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RE: tornado alley[Subject Prev][Subject Next][Thread Prev][Thread Next]
- To: <seaint(--nospam--at)seaint.org>
- Subject: RE: tornado alley
- From: "Dave Adams" <davea(--nospam--at)laneengineers.com>
- Date: Mon, 9 Jun 2008 10:52:23 -0700
It is difficult to directly assign a performance level objective to the current codes because they are not performance-based. However, take a look at ASCE 7, Section 1.4 (“General Structural Integrity”), where it states that the intent of this loading standard is to provide sufficient continuity, redundancy, and ductility to “resist loads without collapse.” Additionally, the commentary section of SEAOC’s “Blue Book” states that structures designed and built according to the requirements and prescriptions of the code should be able to “resist collapse” when subjected to a major earthquake (from the 1999 edition). “Collapse Prevention” is commonly identified as the lowest acceptable level of performance for any structure, and since the current codes specify minimum regulations only, then this must be the target level of performance. I believe, however, that in reality we are closer to a “Life Safety” level of performance … IMHO.
Dave K. Adams, S.E., P.Eng.
Lane Engineers, Inc.
Keep in mind that the code is NOT intended to prevent EVERY natural event from destroying a house. The code is meant as a life safety level for protections from is deemed by society as some "acceptable" level of effort. In more technical terms, all the natural event loading covered by the codes have some assumed average return period. For wind, if I recall properly, that is a 50 year return period. That means that on average, every 50 years there should be a wind event that exceeds the code level wind event. Thus, if you take your example of Oregon, if those are the only two events have happened in the past 50 or so years, then the code level of 90 mph seems to be right on target.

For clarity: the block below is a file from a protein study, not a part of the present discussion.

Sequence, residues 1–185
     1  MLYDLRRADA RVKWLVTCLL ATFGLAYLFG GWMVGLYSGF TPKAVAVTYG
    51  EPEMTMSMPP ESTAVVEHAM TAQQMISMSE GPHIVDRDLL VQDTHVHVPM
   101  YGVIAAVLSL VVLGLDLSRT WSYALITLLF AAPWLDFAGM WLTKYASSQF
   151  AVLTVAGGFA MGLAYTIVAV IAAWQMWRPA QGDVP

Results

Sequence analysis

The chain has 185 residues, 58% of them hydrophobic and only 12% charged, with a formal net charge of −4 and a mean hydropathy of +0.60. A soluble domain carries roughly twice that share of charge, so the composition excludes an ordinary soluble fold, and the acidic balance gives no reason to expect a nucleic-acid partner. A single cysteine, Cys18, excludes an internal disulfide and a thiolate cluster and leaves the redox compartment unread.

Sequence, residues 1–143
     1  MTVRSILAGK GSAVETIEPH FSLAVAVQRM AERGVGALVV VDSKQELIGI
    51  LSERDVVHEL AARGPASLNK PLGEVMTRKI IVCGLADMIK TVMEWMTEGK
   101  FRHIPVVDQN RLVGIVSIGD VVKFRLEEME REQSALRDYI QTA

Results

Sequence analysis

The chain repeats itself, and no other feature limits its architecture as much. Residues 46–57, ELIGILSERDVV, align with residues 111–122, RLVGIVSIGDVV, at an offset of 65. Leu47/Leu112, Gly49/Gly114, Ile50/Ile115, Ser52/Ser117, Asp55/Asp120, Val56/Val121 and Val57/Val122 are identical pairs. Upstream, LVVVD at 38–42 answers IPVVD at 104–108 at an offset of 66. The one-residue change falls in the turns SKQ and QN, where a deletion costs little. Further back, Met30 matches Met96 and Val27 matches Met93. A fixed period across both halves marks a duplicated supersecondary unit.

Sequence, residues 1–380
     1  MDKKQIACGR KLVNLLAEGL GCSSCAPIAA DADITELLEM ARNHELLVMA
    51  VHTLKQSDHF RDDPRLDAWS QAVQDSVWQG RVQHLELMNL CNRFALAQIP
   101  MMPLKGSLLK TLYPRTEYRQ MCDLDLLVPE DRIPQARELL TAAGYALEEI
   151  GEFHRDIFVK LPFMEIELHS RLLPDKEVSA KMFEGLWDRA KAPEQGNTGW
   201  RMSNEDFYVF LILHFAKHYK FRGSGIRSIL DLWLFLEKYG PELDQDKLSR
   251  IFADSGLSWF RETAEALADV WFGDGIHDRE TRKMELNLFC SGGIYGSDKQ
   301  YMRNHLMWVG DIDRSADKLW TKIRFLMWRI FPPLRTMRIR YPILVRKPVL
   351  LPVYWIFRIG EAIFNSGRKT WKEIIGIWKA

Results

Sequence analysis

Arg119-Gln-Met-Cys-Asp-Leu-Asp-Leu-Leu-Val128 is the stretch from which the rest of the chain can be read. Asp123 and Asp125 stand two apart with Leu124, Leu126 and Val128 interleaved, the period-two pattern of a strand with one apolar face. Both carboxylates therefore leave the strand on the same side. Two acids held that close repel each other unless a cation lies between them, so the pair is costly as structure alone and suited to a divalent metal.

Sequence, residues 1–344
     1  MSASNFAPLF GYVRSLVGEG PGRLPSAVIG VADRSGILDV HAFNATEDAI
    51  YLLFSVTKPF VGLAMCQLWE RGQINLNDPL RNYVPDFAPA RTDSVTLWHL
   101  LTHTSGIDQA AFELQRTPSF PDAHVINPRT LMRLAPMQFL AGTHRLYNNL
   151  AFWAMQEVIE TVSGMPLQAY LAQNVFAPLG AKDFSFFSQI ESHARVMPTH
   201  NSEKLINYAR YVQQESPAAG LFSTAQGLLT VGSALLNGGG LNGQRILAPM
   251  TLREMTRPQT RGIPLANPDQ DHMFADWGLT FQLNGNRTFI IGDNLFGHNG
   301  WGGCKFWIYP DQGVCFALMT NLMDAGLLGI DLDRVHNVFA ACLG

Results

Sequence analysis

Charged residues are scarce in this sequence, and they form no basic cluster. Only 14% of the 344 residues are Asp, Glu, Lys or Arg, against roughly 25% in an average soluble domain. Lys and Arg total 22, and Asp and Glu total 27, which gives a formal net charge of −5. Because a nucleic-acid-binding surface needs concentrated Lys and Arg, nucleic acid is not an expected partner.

The point is that there is a difference between the code level intent and what I might deem to be a good idea. Code is to protect life. To me, the lack of straps in for the vast majority of the country still can achieve that goal. And unless your uncle was in the shed at some point during that severe storm, straps were not needed for life safety on that shed. Of course, there is NOTHING that says one cannot go beyond the code. The reality is that no too many people want to go beyond the code and spend money on stuff that they don't see and don't understand (at least until they house is in ruins around them). It is an unfortunately part of human nature.
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- From: Scott Maxwell
- RE: tornado alley
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